Broadcasters Push for Scrapping Correspondence File
The FCC may not have relieved broadcasters of local media ownership restrictions in its quadrennial review, but TV and radio stations will take their regulatory victories when they can get them and there is at least one deregulatory move that is drawing praise for the FCC from broadcasters around the country.
In comments filed with the commission, national and state broadcaster associations and others praised the proposal to eliminate the requirement that TV and radio stations keep copies of public correspondence in their public inspection files.
"NAB applauds the Commission for taking this step to reduce the regulatory burdens on commercial broadcasters," the National Association of Broadcasters said.
The FCC is now requiring that stations' (and cable operators and satellite operators) public files reside on an FCC administered online database but concluded that putting the letters there could pose a privacy issue, so instead was having stations keep them in an onsite paper inspection file.
But back in May, the FCC voted, and unanimously for a change, to propose dropping the requirement that 1) TV and radio stations keep and make available copies of correspondence from viewers and listeners and that 2) cable operators publicize, generally, the location of their principal headend.
FCC commissioner Michael O'Rielly also saw a security issue.
"As I have pointed out in the past, the need to maintain the required correspondence files on paper and make them available to anyone walking in from the street creates can unnecessary security exposure for broadcasters," said O'Rielly following the unanimous vote.
In response to at least one commenter who argued the FCC should preserve the paper correspondence requirement, NAB said: "[T]he requirement is outdated. Stations receive feedback from the public in myriad ways; many of which are online, already available to the public, and not captured in the paper inspection file," NAB said, pointing to social media as one of those ways. "Second, the resources devoted to maintaining a local public file solely for correspondence diverts resources that stations would otherwise be able to invest in services that would more meaningfully serve their viewers and listeners. The cost of compliance to stations far outweighs the very limited benefit to the public," it said.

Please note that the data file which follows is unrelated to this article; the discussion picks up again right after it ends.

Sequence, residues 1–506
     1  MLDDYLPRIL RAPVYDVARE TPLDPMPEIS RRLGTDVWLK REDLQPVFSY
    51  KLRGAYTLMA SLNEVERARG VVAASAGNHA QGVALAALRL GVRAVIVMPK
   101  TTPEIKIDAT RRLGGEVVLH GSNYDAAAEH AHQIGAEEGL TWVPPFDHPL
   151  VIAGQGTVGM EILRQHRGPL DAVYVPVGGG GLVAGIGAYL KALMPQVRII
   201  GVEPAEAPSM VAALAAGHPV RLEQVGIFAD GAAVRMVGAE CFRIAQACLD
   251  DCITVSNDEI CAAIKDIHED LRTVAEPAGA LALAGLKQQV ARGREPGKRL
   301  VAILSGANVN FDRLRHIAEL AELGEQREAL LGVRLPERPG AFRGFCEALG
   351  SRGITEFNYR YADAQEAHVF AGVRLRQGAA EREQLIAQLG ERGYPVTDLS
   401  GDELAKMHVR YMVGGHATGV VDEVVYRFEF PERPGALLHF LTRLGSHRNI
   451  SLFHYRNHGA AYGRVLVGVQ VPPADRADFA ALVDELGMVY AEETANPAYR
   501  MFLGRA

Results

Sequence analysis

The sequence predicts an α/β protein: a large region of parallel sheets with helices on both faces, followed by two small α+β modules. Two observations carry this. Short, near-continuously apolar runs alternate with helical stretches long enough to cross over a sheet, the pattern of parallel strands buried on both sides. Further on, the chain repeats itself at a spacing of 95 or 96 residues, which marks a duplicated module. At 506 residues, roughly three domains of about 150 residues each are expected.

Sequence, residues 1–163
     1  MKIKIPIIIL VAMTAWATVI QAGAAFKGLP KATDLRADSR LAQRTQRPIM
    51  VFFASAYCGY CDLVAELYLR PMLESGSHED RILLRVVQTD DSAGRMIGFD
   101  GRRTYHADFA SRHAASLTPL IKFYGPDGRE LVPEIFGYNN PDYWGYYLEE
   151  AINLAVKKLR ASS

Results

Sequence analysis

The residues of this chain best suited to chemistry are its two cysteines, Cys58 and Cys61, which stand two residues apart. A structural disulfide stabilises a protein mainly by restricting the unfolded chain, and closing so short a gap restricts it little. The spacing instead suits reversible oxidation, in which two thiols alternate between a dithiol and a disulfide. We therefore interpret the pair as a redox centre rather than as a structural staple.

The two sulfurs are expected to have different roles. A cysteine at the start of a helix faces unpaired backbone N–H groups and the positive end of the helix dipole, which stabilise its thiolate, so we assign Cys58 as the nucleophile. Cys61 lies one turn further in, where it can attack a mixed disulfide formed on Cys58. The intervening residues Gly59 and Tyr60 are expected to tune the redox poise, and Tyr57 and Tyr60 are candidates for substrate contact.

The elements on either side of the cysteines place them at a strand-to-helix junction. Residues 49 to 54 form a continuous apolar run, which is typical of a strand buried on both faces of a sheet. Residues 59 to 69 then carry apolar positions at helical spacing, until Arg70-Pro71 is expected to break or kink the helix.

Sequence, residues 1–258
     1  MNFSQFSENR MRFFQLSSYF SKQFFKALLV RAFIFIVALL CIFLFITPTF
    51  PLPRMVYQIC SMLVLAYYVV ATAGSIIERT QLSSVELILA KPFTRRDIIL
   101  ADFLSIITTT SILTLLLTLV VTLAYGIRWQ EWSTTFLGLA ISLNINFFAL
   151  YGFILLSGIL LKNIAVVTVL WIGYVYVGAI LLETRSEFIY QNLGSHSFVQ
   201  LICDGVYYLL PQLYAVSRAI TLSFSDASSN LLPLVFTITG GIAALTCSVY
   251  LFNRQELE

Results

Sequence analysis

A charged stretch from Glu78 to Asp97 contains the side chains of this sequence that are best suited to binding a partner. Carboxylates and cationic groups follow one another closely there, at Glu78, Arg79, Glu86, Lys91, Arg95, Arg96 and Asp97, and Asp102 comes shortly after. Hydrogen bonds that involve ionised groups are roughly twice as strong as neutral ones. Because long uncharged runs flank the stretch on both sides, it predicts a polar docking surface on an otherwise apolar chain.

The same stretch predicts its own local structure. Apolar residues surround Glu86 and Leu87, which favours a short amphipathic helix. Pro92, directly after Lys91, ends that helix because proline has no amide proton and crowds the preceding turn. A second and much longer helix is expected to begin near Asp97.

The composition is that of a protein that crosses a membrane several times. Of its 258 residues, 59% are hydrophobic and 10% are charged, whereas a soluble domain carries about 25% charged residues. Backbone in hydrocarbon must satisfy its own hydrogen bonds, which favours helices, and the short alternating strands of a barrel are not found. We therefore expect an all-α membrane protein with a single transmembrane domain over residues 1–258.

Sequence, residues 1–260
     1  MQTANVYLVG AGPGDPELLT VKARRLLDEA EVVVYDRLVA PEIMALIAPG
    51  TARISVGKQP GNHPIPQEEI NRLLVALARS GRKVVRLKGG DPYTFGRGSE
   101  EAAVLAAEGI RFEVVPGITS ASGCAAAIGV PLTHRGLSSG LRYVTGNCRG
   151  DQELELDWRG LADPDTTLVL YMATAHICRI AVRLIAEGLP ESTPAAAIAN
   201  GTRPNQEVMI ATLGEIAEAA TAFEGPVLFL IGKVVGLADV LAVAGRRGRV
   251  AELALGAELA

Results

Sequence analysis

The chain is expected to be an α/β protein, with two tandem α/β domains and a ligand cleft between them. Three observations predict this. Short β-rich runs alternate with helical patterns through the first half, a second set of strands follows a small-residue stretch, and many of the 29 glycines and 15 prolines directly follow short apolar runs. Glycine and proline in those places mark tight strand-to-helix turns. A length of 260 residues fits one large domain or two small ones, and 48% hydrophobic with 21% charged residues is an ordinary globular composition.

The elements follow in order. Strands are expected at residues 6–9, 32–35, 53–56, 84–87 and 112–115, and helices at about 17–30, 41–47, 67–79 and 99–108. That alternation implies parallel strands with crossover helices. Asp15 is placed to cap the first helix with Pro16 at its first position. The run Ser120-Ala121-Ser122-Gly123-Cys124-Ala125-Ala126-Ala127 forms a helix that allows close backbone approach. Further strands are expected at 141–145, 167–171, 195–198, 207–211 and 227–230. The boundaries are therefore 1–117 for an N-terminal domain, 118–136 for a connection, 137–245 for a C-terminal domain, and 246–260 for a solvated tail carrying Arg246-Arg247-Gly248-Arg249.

State broadcast associations, in a joint filing, said: "Eliminating the letters from the public requirement, and thereby culminating this last vestige of the physical public inspection file, presents the Commission with the opportunity to simultaneously reduce the burden on broadcasters while benefitting the public; first by allowing more effective use of station personnel to serve the public, and second by accelerating the online availability of public file content from smaller stations."
The FCC is phasing in the requirement for smaller stations, giving them until 2018, but encouraging them to beat that deadline if possible.
But not everyone was pushing for the change.
The National Hispanic Media Coalition told the FCC to keep a requirement it says is still "incredibly important." It called the letters arguably the most informative part of the public file since they represent "plain language" concerns rather than legalese which can be difficult to decipher.
"By eliminating correspondence from the public file," said NHMC, "the Commission would not only impinge on the dialogue between broadcasters and the public, but it would also prevent certain members of the community from determining if other people in their DMA share their concerns."
Given that the vote to eliminate the requirement was unanimous, it will likely get final approval.
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Contributing editor John Eggerton has been an editor and/or writer on media regulation, legislation and policy for over four decades, including covering the FCC, FTC, Congress, the major media trade associations, and the federal courts. In addition to Multichannel News and Broadcasting + Cable, his work has appeared in Radio World, TV Technology, TV Fax, This Week in Consumer Electronics, Variety and the Encyclopedia Britannica.